In a few years time, it will be impossible to study the history of retro-computers since its software was either proprietary, closed-source, written in a now-obsolete language, or encumbered by software “protection” to prevent copying. Furthermore, the hardware upon which it ran is dying, and the cassette tapes holding the software are physically disintegrating.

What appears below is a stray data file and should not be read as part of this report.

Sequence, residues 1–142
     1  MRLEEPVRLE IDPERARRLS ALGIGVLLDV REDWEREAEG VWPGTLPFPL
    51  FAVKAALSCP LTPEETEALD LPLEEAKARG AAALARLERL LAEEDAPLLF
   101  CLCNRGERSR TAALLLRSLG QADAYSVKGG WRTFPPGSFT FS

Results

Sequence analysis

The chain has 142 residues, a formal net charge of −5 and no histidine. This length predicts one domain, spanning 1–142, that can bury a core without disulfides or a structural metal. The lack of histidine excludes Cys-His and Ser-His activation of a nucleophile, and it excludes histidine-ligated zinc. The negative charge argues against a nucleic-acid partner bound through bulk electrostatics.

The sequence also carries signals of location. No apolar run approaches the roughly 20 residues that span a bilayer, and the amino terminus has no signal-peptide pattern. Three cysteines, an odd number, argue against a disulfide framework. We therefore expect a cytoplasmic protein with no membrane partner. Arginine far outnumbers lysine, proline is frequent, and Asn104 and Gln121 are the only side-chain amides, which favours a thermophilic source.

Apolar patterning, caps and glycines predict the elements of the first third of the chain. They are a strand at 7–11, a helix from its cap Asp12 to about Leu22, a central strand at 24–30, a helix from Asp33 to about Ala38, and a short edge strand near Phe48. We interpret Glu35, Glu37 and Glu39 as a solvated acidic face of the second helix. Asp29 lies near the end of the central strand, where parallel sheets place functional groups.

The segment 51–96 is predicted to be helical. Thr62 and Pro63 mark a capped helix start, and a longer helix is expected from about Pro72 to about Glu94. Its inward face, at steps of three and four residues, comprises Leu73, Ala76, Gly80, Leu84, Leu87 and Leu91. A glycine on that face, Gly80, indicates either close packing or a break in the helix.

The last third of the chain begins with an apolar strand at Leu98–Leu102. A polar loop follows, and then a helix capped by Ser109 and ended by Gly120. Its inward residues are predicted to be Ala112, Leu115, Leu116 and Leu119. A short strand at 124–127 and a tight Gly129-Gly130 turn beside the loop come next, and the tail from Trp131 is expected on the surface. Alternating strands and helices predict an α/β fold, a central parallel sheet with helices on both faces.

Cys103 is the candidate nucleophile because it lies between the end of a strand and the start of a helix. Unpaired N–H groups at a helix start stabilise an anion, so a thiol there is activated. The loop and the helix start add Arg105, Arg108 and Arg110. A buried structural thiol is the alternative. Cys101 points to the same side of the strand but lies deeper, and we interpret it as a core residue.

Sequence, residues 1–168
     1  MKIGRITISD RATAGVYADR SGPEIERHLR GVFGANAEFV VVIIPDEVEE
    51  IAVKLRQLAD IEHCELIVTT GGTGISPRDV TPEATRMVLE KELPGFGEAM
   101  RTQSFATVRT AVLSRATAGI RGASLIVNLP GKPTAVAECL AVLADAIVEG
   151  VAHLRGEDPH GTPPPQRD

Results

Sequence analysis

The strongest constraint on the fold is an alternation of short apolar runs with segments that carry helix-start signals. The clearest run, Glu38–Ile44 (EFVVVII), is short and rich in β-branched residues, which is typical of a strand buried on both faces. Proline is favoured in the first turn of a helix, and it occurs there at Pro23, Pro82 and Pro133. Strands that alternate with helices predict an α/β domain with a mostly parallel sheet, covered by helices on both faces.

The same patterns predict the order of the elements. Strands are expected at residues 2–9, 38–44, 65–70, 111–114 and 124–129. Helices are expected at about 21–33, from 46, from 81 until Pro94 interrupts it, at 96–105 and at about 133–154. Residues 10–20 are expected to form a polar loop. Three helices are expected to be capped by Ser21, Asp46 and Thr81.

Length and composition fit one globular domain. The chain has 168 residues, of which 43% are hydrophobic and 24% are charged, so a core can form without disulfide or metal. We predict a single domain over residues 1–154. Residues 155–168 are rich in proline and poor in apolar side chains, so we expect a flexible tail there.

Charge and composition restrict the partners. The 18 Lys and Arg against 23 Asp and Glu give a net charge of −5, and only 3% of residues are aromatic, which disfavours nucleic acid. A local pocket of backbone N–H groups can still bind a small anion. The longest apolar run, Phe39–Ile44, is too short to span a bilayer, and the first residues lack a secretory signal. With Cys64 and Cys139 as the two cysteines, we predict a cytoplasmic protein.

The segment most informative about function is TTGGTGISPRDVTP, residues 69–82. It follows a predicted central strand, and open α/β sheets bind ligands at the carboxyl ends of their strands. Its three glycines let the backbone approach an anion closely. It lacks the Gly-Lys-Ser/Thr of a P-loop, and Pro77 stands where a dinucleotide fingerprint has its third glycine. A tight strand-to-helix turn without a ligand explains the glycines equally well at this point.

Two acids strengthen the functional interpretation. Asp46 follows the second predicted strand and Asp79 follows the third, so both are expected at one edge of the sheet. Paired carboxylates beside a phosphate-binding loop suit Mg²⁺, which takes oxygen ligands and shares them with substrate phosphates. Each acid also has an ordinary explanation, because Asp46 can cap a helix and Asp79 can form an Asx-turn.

This talk covers a ten-point plan outlining the primary issues in digital archaeology. It covers the methods necessary to preserve our computing legacy, the use of emulation, and how open source can help with this endeavour. We end with an overview of some projects that will inspire you, and help you preserve your own slice of history!